I was investigating the following corollary to Liouville's Theorem in Complex Analysis: if $f(z)$ is entire and $\lim_{z\rightarrow \infty}z^{-n}f(z)=0$, then $f(z)$ is a polynomial in $z$ of degree at most $n-1$.

My proof uses the complex L'Hospital Rule and Induction on $n$. The base case $n=0$ is obvious. To illustrate the idea: for the case $n=2$ Suppose that $f(z)$ is not bounded, so that $$\lim_{z\rightarrow \infty}{f(z)}=\infty.$$ Then by using L'Hospital, we have $$\lim_{z\rightarrow \infty}{\frac{f(z)}{z^2}}=\lim_{z\rightarrow \infty}{\frac{f'(z)}{2z}}.$$ If $f'(z)$ is not bounded, then we have further $$\lim_{z\rightarrow \infty}{\frac{f(z)}{z^2}}=\lim_{z\rightarrow \infty}{\frac{f'(z)}{2z}}=\lim_{z\rightarrow \infty}{\frac{f''(z)}{2}}=0.$$ Thus, by Liouville's Theorem, we know that $f''(z)$ is equal to some constant, and since it approaches 0 at infinity, is simply 0. Then $f'(z)=A$ (technically this actually leads to a contradiction though, since then $f'(z)$ is bounded, contrary to assumption) for some complex number $A$, and thus $f(z)=Az+B$ for complex numbers $A$ and $B$. To complete the case analysis, if either $f(z)$ or $f'(z)$ were bounded, we could have applied the Liouville's Theorem to see that they were both constants, and thus $f(z)$ would be a polynomial in $z$ of degree at most 1.

Now suppose for the induction hypothesis that $\lim_{z\rightarrow \infty}{\frac{f(z)}{z^n}}=0$, we know that $f(z)$ is a polynomial in $z$ of degree at most $n-1$, and consider the case $n+1$. Then if $f(z)$ is not bounded, we know that $$\lim_{z\rightarrow \infty}{\frac{f(z)}{z^{n+1}}}=\lim_{z\rightarrow \infty}{\frac{f'(z)}{nz^n}}=0$$ so that by our induction hypothesis we know that $f'(z)$ is a polynomial in $z$ of degree at most $n-1$, and thus $f(z)$ is a polynomial in $z$ of degree at most $n$.

Is this proof correct? My main concerns are the use of L'Hospital's Rule, for which there seems to be little information about its validity for complex valued functions. Searching around I could find the following link, but it deals with complex-valued functions of a real variable, rather than the more general complex-valued functions of a complex variable.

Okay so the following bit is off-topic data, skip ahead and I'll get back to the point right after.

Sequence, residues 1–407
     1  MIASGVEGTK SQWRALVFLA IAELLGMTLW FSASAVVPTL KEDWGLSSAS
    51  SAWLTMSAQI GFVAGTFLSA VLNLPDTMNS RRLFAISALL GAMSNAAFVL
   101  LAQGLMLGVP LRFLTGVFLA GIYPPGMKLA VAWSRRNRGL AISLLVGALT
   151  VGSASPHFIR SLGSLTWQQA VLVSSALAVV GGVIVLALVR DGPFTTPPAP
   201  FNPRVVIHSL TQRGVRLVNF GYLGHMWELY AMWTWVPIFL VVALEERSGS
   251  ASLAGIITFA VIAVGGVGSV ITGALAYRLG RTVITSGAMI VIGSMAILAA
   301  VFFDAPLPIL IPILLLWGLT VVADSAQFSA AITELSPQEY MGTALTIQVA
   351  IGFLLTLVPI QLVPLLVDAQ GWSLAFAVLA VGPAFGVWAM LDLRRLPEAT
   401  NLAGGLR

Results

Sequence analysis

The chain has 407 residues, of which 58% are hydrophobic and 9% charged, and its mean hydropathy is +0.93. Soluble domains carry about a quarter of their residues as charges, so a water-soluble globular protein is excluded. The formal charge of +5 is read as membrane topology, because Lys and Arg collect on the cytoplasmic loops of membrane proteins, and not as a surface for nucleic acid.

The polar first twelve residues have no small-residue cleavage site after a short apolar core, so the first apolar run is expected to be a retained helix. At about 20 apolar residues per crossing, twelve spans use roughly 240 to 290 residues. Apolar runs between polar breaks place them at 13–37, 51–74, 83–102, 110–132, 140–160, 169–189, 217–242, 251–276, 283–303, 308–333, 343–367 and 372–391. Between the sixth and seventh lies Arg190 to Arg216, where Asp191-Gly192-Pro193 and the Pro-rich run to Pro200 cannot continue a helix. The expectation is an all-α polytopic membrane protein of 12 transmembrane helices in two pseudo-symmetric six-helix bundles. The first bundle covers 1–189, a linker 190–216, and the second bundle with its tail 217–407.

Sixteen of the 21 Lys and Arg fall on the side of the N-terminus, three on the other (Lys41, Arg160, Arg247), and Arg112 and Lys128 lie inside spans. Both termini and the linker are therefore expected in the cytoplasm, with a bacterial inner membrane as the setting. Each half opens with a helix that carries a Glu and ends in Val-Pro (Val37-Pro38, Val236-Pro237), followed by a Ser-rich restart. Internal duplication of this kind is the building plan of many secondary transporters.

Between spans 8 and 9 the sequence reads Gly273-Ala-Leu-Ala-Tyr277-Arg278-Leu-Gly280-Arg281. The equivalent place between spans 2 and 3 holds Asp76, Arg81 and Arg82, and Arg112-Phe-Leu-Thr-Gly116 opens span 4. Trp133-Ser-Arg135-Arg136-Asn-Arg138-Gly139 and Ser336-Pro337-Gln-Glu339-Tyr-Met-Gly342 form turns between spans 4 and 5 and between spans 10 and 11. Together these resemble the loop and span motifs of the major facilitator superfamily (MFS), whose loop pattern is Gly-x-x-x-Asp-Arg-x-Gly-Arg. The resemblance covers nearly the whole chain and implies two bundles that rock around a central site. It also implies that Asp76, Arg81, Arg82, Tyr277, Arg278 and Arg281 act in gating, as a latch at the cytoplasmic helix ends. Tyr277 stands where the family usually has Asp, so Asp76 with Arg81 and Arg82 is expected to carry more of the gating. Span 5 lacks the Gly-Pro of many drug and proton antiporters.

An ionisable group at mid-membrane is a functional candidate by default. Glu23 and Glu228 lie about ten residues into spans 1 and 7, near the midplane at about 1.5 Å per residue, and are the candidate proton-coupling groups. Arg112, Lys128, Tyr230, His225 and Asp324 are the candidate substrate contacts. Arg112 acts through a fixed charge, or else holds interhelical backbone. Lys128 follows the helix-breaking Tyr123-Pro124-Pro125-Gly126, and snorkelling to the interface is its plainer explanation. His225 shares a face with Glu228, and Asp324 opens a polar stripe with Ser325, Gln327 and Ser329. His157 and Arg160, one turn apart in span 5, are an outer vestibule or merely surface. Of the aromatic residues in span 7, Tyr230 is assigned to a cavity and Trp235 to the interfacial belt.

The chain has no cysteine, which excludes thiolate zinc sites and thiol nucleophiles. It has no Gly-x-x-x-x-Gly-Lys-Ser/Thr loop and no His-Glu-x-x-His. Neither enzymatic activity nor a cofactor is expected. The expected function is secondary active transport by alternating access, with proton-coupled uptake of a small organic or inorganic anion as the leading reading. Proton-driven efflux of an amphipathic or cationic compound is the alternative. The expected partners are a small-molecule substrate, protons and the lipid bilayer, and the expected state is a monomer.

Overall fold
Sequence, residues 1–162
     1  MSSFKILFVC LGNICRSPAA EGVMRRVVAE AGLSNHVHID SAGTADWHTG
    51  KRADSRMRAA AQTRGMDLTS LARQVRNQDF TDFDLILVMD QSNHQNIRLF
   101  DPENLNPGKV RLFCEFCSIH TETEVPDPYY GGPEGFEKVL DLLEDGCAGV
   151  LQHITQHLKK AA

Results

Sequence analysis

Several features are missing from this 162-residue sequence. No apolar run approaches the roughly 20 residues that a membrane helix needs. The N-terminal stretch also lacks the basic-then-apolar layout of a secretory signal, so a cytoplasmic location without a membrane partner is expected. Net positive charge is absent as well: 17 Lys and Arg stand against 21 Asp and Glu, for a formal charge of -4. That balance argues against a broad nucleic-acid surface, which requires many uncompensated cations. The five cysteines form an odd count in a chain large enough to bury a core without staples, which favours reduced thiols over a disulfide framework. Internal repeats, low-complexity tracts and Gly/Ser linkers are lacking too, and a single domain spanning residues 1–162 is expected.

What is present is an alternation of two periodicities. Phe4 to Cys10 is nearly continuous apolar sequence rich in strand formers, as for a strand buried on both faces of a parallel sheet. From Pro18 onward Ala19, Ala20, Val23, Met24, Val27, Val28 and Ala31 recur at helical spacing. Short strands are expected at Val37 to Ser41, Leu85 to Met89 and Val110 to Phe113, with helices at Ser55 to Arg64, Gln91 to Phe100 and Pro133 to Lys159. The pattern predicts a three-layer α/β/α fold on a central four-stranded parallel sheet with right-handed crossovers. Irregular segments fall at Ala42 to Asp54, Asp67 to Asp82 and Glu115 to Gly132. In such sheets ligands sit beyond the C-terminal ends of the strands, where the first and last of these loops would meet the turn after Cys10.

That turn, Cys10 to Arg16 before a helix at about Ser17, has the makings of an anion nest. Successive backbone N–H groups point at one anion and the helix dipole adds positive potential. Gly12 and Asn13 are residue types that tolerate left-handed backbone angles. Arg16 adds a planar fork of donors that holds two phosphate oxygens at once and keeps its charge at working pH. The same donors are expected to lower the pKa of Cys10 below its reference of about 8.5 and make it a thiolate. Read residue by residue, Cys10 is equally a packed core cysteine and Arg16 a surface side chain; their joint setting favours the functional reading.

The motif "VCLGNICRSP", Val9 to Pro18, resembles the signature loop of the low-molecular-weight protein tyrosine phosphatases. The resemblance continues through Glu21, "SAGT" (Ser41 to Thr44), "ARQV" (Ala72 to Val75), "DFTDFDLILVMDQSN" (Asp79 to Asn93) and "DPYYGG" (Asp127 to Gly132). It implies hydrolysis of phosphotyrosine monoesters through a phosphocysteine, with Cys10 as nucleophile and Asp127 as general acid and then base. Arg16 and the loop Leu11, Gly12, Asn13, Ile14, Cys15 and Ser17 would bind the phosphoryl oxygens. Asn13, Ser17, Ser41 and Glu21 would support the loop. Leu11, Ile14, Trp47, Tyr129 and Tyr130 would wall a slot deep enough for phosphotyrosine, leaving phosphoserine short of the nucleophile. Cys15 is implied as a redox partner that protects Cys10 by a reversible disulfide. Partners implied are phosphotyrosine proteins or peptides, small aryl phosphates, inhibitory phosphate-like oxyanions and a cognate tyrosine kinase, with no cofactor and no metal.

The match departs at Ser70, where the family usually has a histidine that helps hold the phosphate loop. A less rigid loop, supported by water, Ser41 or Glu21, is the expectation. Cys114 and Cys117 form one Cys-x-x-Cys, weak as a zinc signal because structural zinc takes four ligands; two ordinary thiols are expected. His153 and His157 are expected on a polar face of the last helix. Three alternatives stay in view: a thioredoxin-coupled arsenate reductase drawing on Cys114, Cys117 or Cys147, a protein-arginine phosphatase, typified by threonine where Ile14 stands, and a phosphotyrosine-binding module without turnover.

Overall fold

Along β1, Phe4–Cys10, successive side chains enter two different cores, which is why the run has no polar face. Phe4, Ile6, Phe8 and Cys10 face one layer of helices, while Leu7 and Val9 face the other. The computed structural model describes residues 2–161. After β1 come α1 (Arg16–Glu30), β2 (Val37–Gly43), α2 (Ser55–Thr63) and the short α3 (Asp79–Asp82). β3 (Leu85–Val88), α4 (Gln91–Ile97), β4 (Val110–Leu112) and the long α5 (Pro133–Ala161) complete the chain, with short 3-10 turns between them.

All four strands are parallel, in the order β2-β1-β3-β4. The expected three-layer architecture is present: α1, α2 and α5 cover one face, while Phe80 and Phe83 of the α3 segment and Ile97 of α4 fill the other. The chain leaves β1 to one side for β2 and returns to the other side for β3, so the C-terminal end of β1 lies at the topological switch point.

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    $\begingroup$ The main problem with your appoach is that even though $f$ is not bounded, you can't conclude that $\lim_{z\to\infty} f(z) = \infty$. (In fact, that is only true for polynomials. Note for example that $f(z) = e^z$ is not bounded, but $\lim_{z\to\infty} e^z$ doesn't exist; not even as $\infty$.) $\endgroup$ – mrf Mar 7 '14 at 18:39
  • $\begingroup$ @mrf, ah, I didn't realize how different the limits at infinity were of complex functions versus real functions. $\endgroup$ – Hayden Mar 7 '14 at 19:51

This exercise is solved using Cauchy's Integral Formula: $$ f^{(m)}(0)=\frac{m!}{2\pi i}\int_{|z-z_0|}\frac{f(z)\,dz}{z^{m+1}} $$ and hence, for $m\ge n$: \begin{align} \lvert f^{(m)}(0)\rvert&=\frac{m!}{2\pi}\left|\int_{|z-z_0|=R}\frac{f(z)\,dz}{z^{m+1}}\right| \le \frac{m!}{2\pi}\cdot \frac{2\pi R}{R^{m+1}}\max_{|z|=R}\lvert f(z)\rvert =m!\frac{\max_{|z|=R}\lvert f(z)\rvert}{R^m}\\&= \frac{m!}{R^{m-n}}\frac{\max_{|z|=R}\lvert f(z)\rvert}{R^n}. \end{align} By hypothesis $$ \lim_{R\to\infty}\frac{\max_{|z|=R}\lvert f(z)\rvert}{R^n}=0, $$ and thus $f^{(m)}(0)=0$, for all $m\ge 0$, which means that the power series of $f$ at $z=0$ is a finite sum missing all the terms higher than the $(n\!-\!1)$-th. Hence $f$ is polynomial of degree at most $n-1$.


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